Since copper loops are prone to theft and induction problems, the company is also working on installing optic fibre cable. One project involving providing fibre to all MPs in Delhi is under way. Some 700 MPs already have it in their official homes. Another project involves providing high speed Wi-Fi at MPs’ homes through fibre is in progress.

In line with the synergising efforts, the two organisations are working towards offering a uniform tariff structure to their enterprise customers. MTNL is also trying to utilise BSNL’s infrastructure that is present around its operational areas. For example, MTNL intends to use BSNL’s base transceiver stations in the National Capital Region to provide better network coverage to its customers in Delhi.

In Mumbai, the company is working on a surveillance programme to install 6,000 cameras around the city to prevent crime and terrorism, and ensure greater safety to the public. “We are doing this in partnership with Larsen & Toubro. The first phase was inaugurated in November. The cameras will be managed by the police. The next step is connecting our fibre to 50,000 multi-storey buildings in Mumbai and 50,000 multi-storey buildings in Delhi,” says Yadav. The challenge of laying a fibre network is right of way (RoW). Yadav says MTNL will lay underground cable wherever it manages to get RoW and where it doesn’t, it will install overhead cables.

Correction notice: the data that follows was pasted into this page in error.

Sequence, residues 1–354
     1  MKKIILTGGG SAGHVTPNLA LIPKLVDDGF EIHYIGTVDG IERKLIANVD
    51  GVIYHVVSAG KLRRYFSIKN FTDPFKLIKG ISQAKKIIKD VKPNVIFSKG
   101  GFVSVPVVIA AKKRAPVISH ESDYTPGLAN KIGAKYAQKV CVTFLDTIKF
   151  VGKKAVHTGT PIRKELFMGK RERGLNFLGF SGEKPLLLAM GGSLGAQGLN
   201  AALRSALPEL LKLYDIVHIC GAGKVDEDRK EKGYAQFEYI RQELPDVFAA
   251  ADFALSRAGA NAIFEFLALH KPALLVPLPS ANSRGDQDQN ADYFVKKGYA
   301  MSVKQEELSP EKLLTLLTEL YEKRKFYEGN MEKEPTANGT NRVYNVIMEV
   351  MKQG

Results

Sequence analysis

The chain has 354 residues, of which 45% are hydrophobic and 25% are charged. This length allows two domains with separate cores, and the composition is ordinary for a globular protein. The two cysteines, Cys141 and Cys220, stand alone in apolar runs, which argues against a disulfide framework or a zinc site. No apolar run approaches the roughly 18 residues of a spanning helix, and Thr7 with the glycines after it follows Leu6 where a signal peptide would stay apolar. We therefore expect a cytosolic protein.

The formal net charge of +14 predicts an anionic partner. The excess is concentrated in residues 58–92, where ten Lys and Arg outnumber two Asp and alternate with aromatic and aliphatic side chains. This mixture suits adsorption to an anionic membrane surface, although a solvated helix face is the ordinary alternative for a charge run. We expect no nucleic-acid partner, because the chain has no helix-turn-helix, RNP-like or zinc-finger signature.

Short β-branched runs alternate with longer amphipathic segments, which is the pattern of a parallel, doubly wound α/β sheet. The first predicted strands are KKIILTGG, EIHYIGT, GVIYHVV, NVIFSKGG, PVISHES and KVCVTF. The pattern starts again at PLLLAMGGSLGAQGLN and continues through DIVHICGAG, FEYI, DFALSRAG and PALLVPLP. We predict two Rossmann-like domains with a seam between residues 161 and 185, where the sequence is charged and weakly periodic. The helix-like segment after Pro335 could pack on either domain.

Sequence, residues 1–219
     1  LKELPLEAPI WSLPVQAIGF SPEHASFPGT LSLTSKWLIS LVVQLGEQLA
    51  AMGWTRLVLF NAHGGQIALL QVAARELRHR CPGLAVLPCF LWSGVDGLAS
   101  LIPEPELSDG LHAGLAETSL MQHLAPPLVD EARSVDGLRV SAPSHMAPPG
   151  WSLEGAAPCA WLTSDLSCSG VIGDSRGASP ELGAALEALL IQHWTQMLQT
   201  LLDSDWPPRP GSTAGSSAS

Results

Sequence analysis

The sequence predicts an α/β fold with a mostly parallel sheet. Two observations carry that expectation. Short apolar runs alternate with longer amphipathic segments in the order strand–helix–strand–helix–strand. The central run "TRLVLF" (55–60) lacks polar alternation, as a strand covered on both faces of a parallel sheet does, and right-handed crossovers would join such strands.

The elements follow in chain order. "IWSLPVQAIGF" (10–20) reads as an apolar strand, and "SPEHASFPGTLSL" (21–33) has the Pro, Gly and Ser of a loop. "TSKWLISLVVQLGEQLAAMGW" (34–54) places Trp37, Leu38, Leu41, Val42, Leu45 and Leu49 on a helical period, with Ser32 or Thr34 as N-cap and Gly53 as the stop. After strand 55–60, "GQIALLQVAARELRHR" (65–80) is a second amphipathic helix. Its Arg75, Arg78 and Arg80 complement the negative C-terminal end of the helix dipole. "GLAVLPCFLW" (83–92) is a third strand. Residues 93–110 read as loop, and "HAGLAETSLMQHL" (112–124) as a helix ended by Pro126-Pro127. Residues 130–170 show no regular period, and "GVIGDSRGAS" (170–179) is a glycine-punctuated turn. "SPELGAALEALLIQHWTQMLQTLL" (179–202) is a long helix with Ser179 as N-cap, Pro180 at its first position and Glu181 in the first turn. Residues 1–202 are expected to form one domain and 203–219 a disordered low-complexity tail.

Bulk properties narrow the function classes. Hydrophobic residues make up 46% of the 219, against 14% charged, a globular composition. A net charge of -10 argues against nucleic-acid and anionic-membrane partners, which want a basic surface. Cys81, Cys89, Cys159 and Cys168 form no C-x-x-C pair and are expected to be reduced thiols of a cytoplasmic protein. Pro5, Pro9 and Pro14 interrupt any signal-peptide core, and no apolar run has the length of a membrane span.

Telecom still excites Yadav after all these years in the industry, particularly the compelling need to take broadband to villagers. He graduated in electrical engineering from Delhi University and followed this up with an M.Tech in computer science from IIT Delhi. He joined the Department of Telecommunications in 1977. Subsequently, he worked as general manager in Bhopal where he was in charge of developing the network in Madhya Pradesh. He has since worked all over the country in various posts with MTNL and BSNL. Currently, in addition to his work as CMD, he is member, services, Telecom Commission, and ex-officio secretary to the government.